Yesterday afternoon I ate lunch with L. and then stood on the blacktop watching the kids race around the play structure, all of them engaged in various chaotic forms of organized play. As I watched them I realized that not only is it hard to see your own kids grow up, but it's also actually kind of hard to watch other people's kids grow up. With the exception of four kids who are new this year, I've known the entire third-grade class since they were five-year-old kindergarteners--such small, suddenly "big" kids, walking into the doors of the school for the first time, with their ridiculously large backpacks and their nap mats clutched under their arms. Now, three years later, they have sprouted up into real big kids, all arms and legs, complicated games, and some not-so-nice behaviors to match.
Something happens in third grade, I think. The cliques that I already saw forming in second grade have not only solidified, but they are also accompanied by melodramatic popularity contests.
"I'm not speaking to K.," a girl told me this morning, as I helped L. unpack his backpack. "And none of my friends are speaking to K.'s friends, either."
"Hmmm." I answered, not sure what else to say. The girl stomped off, chin held high, and as she passed K. I saw her lean in a little so she couldn't help but knock K. on her shoulder as she went by.
I see whispered conferences between kids in the classroom and lines to and from the cafeteria.
At recess I watched a boy plant a heavy push on the small of the back of another kid, and send him hurtling down the slide. The boy sprang up, fists raised, ready to defend himself, but the other boy had already closed ranks with his buddies and they raced off, an intimidating line of four boys heading for the far corner of the field. The pushed boy ran off to find his buddies and I could tell they were hatching some type of retaliatory action plan.
A group of five girls, who seemed to be playing some type of horse show game by the play structure tossed their hair, put hands on hips, and flirted--flirted!--with two nearby boys. When another girl strolled by, one of them adopted a classic in-your-face pose, warding her away from their little circle of friends. It made me sad and a little angry and a little confused. Being the mom of a kid who gets "picked on" has made me more than a little defensive and protective of the kids on the "wrong side" of the schoolyard social scene.
I don't expect all kids to get along all of the time, especially when they're around each other five days a week for six hours a day. But I'm wondering what's happened to these once easygoing, peace and love and friendship kids I've known for three years now. Not only has L. recently had a brush with bullying at school, but I've heard tales from other parents about fights and quarrels--mini-soap-opera dramas that are somehow playing out at lunch and recess and line-up time. I know most of these kids are nice kids at heart, and well-brought-up, and kind. But something happens as they grow and collide with the school world around them--a few bad influences and they stray, testing limits and flexing muscles they didn't know they had. I think we work so hard when our kids are smaller to instill in them lessons about sharing and kindness and politeness, and then we forget to give them much-needed refresher courses as they grow older. School really is practice for the real world, in more ways than we think.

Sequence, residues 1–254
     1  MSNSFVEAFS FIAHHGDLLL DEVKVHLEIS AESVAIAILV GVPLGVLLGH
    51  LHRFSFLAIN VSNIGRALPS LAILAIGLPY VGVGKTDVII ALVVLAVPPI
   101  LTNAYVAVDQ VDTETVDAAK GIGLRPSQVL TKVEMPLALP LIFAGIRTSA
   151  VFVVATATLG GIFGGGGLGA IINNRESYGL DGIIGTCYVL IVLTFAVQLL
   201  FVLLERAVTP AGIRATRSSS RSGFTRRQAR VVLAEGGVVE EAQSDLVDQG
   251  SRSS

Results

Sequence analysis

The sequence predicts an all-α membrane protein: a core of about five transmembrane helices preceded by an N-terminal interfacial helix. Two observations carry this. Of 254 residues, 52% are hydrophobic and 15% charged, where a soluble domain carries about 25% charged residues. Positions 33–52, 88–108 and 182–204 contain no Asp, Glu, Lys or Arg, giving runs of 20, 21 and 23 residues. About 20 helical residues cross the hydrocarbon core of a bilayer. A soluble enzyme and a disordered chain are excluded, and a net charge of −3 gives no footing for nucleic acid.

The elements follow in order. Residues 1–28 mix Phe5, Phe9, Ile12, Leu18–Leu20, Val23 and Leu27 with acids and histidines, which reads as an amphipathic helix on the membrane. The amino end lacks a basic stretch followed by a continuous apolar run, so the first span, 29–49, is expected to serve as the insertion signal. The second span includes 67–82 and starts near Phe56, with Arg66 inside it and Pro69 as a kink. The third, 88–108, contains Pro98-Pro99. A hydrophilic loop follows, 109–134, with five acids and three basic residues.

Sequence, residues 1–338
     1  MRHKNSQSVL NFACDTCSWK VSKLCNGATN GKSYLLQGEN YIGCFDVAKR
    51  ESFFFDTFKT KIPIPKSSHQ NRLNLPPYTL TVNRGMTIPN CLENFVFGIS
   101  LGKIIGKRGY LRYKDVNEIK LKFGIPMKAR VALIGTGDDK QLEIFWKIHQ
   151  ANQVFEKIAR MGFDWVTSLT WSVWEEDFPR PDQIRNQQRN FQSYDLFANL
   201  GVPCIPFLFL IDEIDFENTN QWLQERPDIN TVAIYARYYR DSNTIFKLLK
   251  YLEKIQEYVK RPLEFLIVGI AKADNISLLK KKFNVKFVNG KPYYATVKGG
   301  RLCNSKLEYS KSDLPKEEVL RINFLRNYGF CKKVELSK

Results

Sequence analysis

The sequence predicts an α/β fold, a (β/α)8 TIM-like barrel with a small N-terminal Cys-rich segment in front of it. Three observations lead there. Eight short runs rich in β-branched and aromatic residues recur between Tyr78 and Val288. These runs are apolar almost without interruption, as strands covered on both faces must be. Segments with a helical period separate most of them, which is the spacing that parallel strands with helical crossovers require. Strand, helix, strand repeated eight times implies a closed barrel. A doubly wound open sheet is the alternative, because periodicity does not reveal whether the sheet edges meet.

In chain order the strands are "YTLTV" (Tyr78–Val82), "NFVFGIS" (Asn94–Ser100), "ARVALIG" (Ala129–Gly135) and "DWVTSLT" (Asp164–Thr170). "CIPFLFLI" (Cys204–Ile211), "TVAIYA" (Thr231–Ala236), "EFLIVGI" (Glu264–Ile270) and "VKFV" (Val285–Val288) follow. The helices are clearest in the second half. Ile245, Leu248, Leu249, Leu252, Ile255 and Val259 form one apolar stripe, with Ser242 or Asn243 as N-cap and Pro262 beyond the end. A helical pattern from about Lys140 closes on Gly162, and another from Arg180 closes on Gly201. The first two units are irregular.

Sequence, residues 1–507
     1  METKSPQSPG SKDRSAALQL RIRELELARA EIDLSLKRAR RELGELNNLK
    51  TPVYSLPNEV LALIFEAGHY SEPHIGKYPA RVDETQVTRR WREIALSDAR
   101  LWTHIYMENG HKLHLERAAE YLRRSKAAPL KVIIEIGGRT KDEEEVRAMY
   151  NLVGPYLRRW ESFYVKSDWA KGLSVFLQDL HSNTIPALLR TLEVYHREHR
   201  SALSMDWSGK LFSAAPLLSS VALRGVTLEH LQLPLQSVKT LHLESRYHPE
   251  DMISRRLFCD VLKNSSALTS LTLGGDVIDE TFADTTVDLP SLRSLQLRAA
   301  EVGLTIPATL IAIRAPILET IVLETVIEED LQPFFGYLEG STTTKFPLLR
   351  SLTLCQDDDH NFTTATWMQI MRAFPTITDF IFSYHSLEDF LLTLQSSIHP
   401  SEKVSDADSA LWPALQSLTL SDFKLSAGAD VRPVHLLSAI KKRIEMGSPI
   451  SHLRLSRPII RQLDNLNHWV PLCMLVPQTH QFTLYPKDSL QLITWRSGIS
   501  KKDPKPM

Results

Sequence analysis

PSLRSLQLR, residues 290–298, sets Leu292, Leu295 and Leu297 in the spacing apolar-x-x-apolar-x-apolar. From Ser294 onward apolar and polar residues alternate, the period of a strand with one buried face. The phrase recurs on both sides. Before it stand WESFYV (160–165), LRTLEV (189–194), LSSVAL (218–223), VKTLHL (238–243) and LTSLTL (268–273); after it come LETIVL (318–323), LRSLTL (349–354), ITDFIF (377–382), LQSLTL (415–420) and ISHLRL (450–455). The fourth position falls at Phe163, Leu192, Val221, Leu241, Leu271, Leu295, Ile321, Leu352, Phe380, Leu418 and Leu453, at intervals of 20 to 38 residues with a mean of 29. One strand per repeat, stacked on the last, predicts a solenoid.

I've been brainstorming some things we can do to pave the way for smoother social interactions for our kids in elementary school and beyond:
Talk with your kids often about who they play with at school, and how.
Volunteer at your child's school as often as you can, or as often as they'll let you. There's no replacement for seeing firsthand what the social dynamics are at school. Even if you just spend a half hour quietly organizing books in the classroom, or working on a bulletin board, you can learn tons about the classroom environment and the other kids by just observing and listening.
Talk to your kids about how possible playground and classroom scenarios might play out. We often write "social stories" for L. about situations he might find himself in. While these are invaluable for kids on the spectrum, parents of all kids should talk with their children about hypothetical situations they might find themselves in so that they'll know how to handle them when they arise. This might be a good way to encourage kids to take action when they see unacceptable behavior at school.
Remember that teaching kids good behavior at school is not a static process. Reinforce the values you teach at home--constantly. Just because your kid shared well when he was four doesn't mean he will still share well at six or seven or ten. Give your kids mini "refresher courses" when needed about how to behave when playing. As kids grow older, the rules change and shift as the dynamics between them change. Adapt accordingly your lessons on fundamental values that are important to you.
And finally, a friend suggested to me (as a solution to the bullying problem at L.'s school) that the school place responsibility for monitoring behavior on the kids themselves. Suggest to your school that older kids--fifth graders, for instance--be in charge of "peer modeling" behavior for the younger grades. Nothing can replace the safe supervision of an adult, but kids are more likely to be in tune with what's happening on the playground and in other situations where an adult isn't always available. If you teach kids to be responsible for each other, they will also learn to be more responsible to each other.
And wouldn't that make for a better world?